The village of Sonning in Berkshire, UK is a small chunk of old England sitting beside the River Thames, chocolate-box-ful of red brick, period houses, huge, half-timbered piles, tall, hexagonal chimney stacks and a multitude of leaded light windows.
In this showcase village The French Horn hotel, nestling by the river, is a centrepiece and the Mill at Sonning, with its dinky theatre is the topknot.
Into this home counties haven I arrived with Offspring for our shared birthday treat-a small slice of one-night luxury.
Regular readers of Anecdotage will be familiar with my customary mode of travel-[a campervan]. Hotel stays are rare and are usually taken for practical reasons like pre-flight nights; and even then the option tends towards budget. Once in a while, however it is fun to splurge and bask.
Next to a busy road, the main hotel is a grand old building, full of hunting trophies, squashy armchairs and faded rugs, a huge log fire burning-in August! We were shown across the busy road and along a path, dodging weeping willow strands as we went, to a row of terraced cottages, one of which was to be ours for the night. It consisted of a downstairs living room complete with fireplace, river view, TV and minibar, a bedroom with river view and TV and a vast, shiny bathroom-also with fireplace-and with large, fluffy towels, shower, bath and two basins.
I searched everywhere for tea/ coffee making equipment without result, but we were to cross the bridge to the mill quite soon and determined that a pre-dinner cocktail might suffice…
The tiny theatre inside Sonning Mill is almost unique in being a ‘dinner theatre’, so an evening spent there constitutes a substantial package of enjoyment, especially when you include a well-stocked bar and a post-show pianist into the mix.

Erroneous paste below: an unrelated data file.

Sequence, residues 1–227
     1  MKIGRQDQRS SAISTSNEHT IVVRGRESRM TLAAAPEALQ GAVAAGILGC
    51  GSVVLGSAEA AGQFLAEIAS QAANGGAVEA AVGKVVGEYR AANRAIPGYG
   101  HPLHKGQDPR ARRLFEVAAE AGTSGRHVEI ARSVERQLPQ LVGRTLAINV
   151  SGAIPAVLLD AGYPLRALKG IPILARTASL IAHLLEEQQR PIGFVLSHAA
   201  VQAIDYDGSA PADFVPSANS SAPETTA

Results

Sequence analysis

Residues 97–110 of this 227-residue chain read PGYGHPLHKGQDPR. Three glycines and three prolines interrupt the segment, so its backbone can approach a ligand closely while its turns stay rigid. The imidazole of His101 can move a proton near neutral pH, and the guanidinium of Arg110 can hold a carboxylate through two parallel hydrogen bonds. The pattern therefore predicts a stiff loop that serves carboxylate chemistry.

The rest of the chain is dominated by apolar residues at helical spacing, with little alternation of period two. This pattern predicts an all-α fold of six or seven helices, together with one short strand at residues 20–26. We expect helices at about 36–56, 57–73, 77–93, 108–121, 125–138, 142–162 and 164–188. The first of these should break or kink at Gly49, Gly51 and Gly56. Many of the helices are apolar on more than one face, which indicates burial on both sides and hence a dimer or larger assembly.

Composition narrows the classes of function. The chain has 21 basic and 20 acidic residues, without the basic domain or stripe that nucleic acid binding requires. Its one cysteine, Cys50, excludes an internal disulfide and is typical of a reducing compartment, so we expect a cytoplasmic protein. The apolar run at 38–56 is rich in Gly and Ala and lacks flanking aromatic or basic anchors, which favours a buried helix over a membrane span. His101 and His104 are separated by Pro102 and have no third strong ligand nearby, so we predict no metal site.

Thespian lovey and larger-than-life National Treasure Brian Blessed directs a number of the plays at Sonning Mill but though his rounded tones can be heard on a tannoy instructing us to turn phones off we are not graced with his huge physical presence on this occasion.
The pre-show meals are delicious and the service friendly and so it was with an overstuffed sensation that we took our seats in the small auditorium for Agatha Christie’s ‘Towards Zero’, a period detective romp.
Then it was off to the bar for a quick drink, serenaded by a pianist before we stumbled back across the Thames to our cottage. There we found a tray resplendent with kettle, cups, milk and tea. Hooray! We had a quick cuppa while we selected our breakfast items on a card to hang outside the door. Then slept.
Having discovered that checkout time was at the civilised hour of 11.30am, we lolled about, taking our time over breakfast, which arrived on trays to our accommodation [this is a first for me] and embellished with gleaming silver covers to the plates.
At last we felt ready to leave, trundling up into the village and marring the upper class dream slightly by finding a bus stop for our return to Reading. Back to reality!